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The stanford prison experiment
February 18, 2001 9:28 AM   Subscribe

The stanford prison experiment This site has an interesting, well-written review of the Stanford prison experiment written by one of those involved. See also: Coalition for the Abolition of prisons. [via kuro5hin]
posted by fvw (10 comments total)

 
Fascinating article. Good read, freaky video clips. Thanks for the tip.
posted by waxpancake at 10:28 AM on February 18, 2001


Yeah, that's a good site, I used it for my holocaust paper. Pretty freaky. "Be careful what you pretend to be, because in the end, what you pretend to be is what you are" Kurt Vonnegut, Mother Night
posted by dagnyscott at 11:03 AM on February 18, 2001


It's kind of interesting, but it's really *bad* science.

posted by muppetboy at 11:34 AM on February 18, 2001


If I remember correctly from some of my psychology classes this prison experiment awakened people quite a bit as to how experiments with human subjects should be conducted. It opened up a whole new series of questions about experimenter ethics.
posted by rlef98 at 12:33 PM on February 18, 2001


That was the most interesting thing I've seen in a long time on the internet. I've always said, people are basically bad. :-|)
posted by jpate at 1:48 PM on February 18, 2001


Exactly, nobody would do this today. Note that even the experimenters realized that it had reached a point where they themselves were psychologically affected by the dual role of observer and prison supervisors, and were receiving criticism from colleagues, which prompted them to end it.

There are resonances here with Stanley Milgram's obedience experiments ten years earlier with, for example, subjects administering what they thought were real electrical shocks to other subjects. Milgram is also responsible for the small-world method and the lost-letter technique, which illustrate the Six Degrees idea -- that an expanding series of acquaintances of acquaintances can reach anyone on the planet inside of a limited number of jumps.

This should also be very interesting to fans of, say, Oz and Survivor. Hmm. Put it this way, muppetboy: you couldn't do this science today for $15/day, but you can do it for a perceived $1 million payoff. ;-) (Sliding scale based on expulsion date, roughly from $800/day to $2500/day for the losers, $25K/day for the winner.)
posted by dhartung at 1:57 PM on February 18, 2001


I'd heard of this experiment, but never read in-depth about it. What a great site!

If you explore some of the related links, you learn that Phil Zimbardo ended up getting married to the lady that got all nauseous when she saw the "prisoners'" conditions.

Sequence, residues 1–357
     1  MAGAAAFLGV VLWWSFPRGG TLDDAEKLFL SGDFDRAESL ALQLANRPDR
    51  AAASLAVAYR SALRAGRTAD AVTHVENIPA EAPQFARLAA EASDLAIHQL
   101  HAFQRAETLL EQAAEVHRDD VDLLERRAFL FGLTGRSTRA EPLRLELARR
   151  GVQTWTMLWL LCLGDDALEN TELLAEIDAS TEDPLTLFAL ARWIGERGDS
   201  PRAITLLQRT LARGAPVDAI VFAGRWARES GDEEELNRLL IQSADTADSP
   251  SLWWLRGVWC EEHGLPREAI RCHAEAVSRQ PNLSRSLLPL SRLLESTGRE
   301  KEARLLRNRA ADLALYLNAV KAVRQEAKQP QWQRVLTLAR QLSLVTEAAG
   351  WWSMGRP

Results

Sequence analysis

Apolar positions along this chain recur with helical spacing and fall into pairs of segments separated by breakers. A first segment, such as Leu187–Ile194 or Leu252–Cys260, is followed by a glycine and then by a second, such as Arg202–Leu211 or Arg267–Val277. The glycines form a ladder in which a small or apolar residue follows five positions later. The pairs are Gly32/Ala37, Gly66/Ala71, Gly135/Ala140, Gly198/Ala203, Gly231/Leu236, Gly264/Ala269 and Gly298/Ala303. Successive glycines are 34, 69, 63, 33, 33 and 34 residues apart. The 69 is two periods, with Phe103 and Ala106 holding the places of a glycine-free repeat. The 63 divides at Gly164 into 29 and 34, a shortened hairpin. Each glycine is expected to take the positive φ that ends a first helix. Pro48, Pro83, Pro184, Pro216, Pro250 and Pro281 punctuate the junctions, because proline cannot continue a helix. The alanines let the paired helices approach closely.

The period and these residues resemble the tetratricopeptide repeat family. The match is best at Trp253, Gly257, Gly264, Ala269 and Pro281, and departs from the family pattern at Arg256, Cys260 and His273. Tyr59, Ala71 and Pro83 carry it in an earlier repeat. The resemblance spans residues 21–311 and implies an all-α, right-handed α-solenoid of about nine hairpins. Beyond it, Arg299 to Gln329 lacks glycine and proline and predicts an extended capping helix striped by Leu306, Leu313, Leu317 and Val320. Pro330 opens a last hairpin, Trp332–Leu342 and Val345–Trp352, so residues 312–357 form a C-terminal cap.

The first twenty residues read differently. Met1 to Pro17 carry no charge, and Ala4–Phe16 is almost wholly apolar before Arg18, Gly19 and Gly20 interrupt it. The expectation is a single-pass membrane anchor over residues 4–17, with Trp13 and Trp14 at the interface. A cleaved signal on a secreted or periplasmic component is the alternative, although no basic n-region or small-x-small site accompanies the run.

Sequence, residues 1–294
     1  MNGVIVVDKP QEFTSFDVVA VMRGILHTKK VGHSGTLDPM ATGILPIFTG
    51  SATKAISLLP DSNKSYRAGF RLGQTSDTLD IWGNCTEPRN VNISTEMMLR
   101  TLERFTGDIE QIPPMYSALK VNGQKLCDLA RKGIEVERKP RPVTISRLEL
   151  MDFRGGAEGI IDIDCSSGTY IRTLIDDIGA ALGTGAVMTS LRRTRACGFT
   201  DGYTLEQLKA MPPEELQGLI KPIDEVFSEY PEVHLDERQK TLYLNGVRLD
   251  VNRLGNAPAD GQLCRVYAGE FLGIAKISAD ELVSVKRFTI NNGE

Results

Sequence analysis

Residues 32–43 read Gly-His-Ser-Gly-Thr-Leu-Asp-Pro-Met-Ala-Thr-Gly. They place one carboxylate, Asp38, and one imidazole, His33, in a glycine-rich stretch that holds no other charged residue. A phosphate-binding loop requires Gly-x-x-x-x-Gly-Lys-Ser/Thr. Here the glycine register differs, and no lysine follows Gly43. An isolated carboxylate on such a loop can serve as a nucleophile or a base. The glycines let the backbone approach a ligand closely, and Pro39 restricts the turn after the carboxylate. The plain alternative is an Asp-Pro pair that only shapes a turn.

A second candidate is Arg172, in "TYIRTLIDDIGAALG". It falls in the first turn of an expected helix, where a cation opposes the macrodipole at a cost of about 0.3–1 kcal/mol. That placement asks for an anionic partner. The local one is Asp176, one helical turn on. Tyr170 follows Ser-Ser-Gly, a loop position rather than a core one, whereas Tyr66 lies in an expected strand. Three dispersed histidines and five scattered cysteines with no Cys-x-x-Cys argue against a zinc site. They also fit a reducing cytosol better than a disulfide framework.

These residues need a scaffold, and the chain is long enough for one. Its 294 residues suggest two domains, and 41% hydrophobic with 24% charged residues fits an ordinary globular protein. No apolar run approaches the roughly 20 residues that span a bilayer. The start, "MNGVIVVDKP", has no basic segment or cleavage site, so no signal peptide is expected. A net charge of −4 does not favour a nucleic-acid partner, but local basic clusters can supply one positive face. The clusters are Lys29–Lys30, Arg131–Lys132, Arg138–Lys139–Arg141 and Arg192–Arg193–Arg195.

posted by yalestar at 4:20 PM on February 18, 2001


Also, is it me, or is there a certain quality about video and photographs from this era ('68-'75) that instantly reminds you of Manson and Patty Hearst?

Those video clips were especially creepy.
posted by yalestar at 4:32 PM on February 18, 2001


How eerie. I also used this experiment in a Holocaust course discussion. We also used the Milgram experiment in our discussions, with the topic being societal pressure and power. Bad science, yes, but they didn't know how it was going to end up when they started, and I find it a morbidly fascinating study in what people will do when given orders. How far will they go in following them, and how much responsibility will you assume for your actions? The reactions given by the people involved in the Milgram experiment were chilling -- absolving themselves of any and all personal responsibility, claiming instead as their excuse "I was just doing as I was told; they forced me to push that button," when in fact no physical force was ever used, and minimal coercive pressure applied verbally.


posted by evixir at 8:31 PM on February 18, 2001


The legacy of this experiment has been harmful to science. Psychologists are now so afraid of creating the next Stanford Prison Experiment that they are totally unwilling to do anything more than pencil-and-paper tests with their subjects. This allows for all sorts of questionable results, such as this junk science experiment which supposedly proves that video games cause violent behavior -- where "violent behavior" is defined as putting a checkmark next to "Do you feel more aggressive now?" on a Scantron form.

Even Dr. Zimbardo, who conducted the original Stanford Prison Experiment, has stated (scroll down to "research ethics") that he thinks things have gone too far in the other direction. He feels that pencil-and-paper tests just aren't enough to gain real insight into how humans behave under stressful conditions. It is his contention that it would be okay for research departments to "allow some controversial things to be done, but in a highly monitored way". I hope that enventually people start to listen to him, so that we can put an end to pseudo-scientific studies like the one I linked to above.
posted by Potsy at 1:37 AM on February 20, 2001



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